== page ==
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Barriers and facilitators to staying in work after stroke: insight from an online forum

Overview of attention for article published in BMJ Open, April 2016
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About this Attention Score

  • In the top 5% of all research outputs scored by Altmetric
  • High Attention Score compared to outputs of the same age (96th percentile)
  • High Attention Score compared to outputs of the same age and source (95th percentile)

Mentioned by

news
5 news outlets
twitter
43 tweeters
facebook
1 Facebook page
googleplus
1 Google+ user

Citations

dimensions_citation
15 Dimensions

Readers on

mendeley
74 Mendeley
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Title
Barriers and facilitators to staying in work after stroke: insight from an online forum
Published in
BMJ Open, April 2016
DOI 10.1136/bmjopen-2015-009974
Pubmed ID
Authors

Chantal Balasooriya-Smeekens, Andrew Bateman, Jonathan Mant, Anna De Simoni

Abstract

To explore barriers and facilitators to staying in work following stroke. Qualitative analysis of posts regarding staying in work following stroke using the archives of an online forum for stroke survivors. 60 stroke survivors (29 male, 23 female, 8 not stated; mean age at stroke 44 years) who have returned to work, identified using terms 'return to work' and 'back at work'. Posts from UK stroke survivors and family members on Talkstroke, the forum of the Stroke Association, between 2004 and 2011. Stroke and transient ischaemic attack (TIA) survivors reported residual impairments that for many had impact on work. Most impairments were 'invisible', including fatigue, problems with concentration, memory and personality changes. Participants described positive (eg, back at work being better than expected) and negative work experiences, including being at risk of losing the job because of stroke-related impairments. Barriers to successfully staying in work included lack of understanding of stroke-in particular invisible impairments-of survivors, employers and general practitioners (GPs), and lack of support in terms of formal adjustments, and 'feeling supported'. Stroke survivors described how they developed their own coping strategies, and how workplace and employer helped them to stay in work. Despite having been able to return to work after a stroke, people may still experience difficulties in staying in work and risking losing their job. There is a need to improve awareness, in particular of invisible stroke-related impairments, among stroke survivors, work personnel and clinicians. This might be achieved through improved assessments of residual impairments in the workplace and in general practice. Future studies should investigate the effect of unrecognised fatigue and invisible impairments on staying in work following stroke, and explore the potential role for primary care in supporting stroke survivors who have returned to employment.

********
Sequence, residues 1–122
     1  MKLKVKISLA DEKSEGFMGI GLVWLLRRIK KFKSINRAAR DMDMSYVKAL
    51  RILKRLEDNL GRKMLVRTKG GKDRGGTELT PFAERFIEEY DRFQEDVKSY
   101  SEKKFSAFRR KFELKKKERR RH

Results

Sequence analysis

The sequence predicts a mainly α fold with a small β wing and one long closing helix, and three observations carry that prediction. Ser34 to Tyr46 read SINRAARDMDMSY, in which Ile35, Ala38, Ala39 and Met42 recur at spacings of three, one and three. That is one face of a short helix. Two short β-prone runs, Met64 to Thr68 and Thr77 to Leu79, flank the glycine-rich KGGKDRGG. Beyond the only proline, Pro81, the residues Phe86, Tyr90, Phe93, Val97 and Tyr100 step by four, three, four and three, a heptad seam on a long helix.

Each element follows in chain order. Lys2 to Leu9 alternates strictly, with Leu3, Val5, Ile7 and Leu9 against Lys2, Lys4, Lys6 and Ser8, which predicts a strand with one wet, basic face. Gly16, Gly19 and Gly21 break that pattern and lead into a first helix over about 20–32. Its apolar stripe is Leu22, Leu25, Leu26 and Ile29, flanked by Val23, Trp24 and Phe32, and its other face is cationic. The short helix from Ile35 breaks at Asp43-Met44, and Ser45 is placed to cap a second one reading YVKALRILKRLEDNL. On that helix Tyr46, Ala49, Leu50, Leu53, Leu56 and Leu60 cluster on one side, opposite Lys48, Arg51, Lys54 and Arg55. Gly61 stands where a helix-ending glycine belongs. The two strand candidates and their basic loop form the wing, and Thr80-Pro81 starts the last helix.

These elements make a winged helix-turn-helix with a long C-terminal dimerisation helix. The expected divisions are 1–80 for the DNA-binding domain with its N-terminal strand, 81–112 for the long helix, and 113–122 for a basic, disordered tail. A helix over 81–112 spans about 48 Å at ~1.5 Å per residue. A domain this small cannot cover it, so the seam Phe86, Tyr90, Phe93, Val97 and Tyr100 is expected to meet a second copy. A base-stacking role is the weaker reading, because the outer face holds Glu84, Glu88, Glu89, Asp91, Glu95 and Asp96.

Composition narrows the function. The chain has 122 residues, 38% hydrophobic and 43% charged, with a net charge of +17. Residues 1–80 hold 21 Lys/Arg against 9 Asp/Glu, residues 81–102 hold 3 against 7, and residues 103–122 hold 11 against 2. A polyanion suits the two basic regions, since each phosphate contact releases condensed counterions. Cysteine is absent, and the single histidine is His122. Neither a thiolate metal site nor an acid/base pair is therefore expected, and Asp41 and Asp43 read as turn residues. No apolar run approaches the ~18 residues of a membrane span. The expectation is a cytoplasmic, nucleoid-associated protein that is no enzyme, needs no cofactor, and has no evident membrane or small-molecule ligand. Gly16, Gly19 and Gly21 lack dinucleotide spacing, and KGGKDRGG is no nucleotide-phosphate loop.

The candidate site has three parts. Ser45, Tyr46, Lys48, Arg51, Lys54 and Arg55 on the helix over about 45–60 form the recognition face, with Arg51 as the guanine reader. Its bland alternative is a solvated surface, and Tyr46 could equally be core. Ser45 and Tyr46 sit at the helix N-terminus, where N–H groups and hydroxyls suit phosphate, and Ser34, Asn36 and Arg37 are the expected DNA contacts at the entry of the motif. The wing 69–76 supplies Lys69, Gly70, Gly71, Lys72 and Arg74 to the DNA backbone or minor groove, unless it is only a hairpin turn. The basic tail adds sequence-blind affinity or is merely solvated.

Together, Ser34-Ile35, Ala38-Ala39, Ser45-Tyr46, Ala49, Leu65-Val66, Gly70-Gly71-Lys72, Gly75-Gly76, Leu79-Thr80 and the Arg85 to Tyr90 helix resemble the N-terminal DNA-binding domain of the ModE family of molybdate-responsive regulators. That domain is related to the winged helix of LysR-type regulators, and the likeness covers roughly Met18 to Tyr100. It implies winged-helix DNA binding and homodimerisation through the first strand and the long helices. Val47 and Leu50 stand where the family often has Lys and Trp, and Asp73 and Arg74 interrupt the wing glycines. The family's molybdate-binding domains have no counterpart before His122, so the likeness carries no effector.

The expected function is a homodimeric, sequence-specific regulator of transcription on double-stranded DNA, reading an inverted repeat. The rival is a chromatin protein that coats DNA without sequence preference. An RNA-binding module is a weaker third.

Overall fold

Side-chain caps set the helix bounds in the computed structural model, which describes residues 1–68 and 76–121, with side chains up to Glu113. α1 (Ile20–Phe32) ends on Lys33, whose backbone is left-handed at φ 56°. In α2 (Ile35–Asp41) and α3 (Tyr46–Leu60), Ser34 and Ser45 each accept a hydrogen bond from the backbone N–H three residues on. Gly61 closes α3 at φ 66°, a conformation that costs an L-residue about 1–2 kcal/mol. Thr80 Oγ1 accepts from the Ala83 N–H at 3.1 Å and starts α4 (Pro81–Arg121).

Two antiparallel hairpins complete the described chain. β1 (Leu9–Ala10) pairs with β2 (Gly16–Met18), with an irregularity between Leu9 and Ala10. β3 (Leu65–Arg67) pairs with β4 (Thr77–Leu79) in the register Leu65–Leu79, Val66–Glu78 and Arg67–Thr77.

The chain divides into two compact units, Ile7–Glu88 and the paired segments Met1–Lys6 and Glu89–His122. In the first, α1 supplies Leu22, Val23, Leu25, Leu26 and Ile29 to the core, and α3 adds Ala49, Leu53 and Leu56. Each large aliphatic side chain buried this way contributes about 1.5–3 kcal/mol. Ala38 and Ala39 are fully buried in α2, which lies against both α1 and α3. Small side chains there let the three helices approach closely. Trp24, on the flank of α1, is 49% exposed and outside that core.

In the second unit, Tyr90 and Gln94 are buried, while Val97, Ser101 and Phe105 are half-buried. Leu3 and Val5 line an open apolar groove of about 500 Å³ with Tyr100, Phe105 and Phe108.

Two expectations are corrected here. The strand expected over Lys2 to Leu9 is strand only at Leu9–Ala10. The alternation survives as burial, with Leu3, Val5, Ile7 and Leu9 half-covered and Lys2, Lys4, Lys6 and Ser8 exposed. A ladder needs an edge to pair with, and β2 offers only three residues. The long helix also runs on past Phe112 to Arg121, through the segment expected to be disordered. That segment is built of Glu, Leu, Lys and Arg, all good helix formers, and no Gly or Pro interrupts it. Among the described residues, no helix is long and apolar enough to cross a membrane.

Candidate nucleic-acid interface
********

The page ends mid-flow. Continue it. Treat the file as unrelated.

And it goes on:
Twitter Demographics

The data shown below were collected from the profiles of 43 tweeters who shared this research output. Click here to find out more about how the information was compiled.

Mendeley readers

The data shown below were compiled from readership statistics for 74 Mendeley readers of this research output. Click here to see the associated Mendeley record.

Geographical breakdown

Country Count As %
Canada 1 1%
Unknown 73 99%

Demographic breakdown

Readers by professional status Count As %
Student > Master 17 23%
Student > Bachelor 11 15%
Unspecified 9 12%
Student > Doctoral Student 8 11%
Student > Ph. D. Student 6 8%
Other 23 31%
Readers by discipline Count As %
Medicine and Dentistry 21 28%
Unspecified 14 19%
Nursing and Health Professions 14 19%
Psychology 10 14%
Social Sciences 5 7%
Other 10 14%

Attention Score in Context

This research output has an Altmetric Attention Score of 72. This is our high-level measure of the quality and quantity of online attention that it has received. This Attention Score, as well as the ranking and number of research outputs shown below, was calculated when the research output was last mentioned on 19 November 2019.
All research outputs
#245,937
of 13,871,708 outputs
Outputs from BMJ Open
#510
of 12,526 outputs
Outputs of similar age
#8,471
of 262,790 outputs
Outputs of similar age from BMJ Open
#16
of 371 outputs
Altmetric has tracked 13,871,708 research outputs across all sources so far. Compared to these this one has done particularly well and is in the 98th percentile: it's in the top 5% of all research outputs ever tracked by Altmetric.
So far Altmetric has tracked 12,526 research outputs from this source. They typically receive a lot more attention than average, with a mean Attention Score of 17.9. This one has done particularly well, scoring higher than 95% of its peers.
Older research outputs will score higher simply because they've had more time to accumulate mentions. To account for age we can compare this Altmetric Attention Score to the 262,790 tracked outputs that were published within six weeks on either side of this one in any source. This one has done particularly well, scoring higher than 96% of its contemporaries.
We're also able to compare this research output to 371 others from the same source and published within six weeks on either side of this one. This one has done particularly well, scoring higher than 95% of its contemporaries.